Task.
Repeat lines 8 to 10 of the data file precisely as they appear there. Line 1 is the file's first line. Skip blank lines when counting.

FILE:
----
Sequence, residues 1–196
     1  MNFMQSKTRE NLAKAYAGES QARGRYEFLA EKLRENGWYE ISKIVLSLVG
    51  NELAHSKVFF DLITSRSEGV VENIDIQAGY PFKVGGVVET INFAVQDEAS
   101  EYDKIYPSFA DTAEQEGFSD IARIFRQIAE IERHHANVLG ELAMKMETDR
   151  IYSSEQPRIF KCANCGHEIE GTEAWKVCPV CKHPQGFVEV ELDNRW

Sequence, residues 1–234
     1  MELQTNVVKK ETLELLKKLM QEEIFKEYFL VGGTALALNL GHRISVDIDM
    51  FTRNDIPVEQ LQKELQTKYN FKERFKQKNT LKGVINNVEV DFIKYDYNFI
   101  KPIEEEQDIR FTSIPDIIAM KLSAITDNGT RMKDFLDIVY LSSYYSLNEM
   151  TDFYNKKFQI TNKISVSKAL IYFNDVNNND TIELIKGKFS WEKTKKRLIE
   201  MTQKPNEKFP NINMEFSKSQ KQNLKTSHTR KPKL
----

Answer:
    51  FTRNDIPVEQ LQKELQTKYN FKERFKQKNT LKGVINNVEV DFIKYDYNFI
   101  KPIEEEQDIR FTSIPDIIAM KLSAITDNGT RMKDFLDIVY LSSYYSLNEM
   151  TDFYNKKFQI TNKISVSKAL IYFNDVNNND TIELIKGKFS WEKTKKRLIE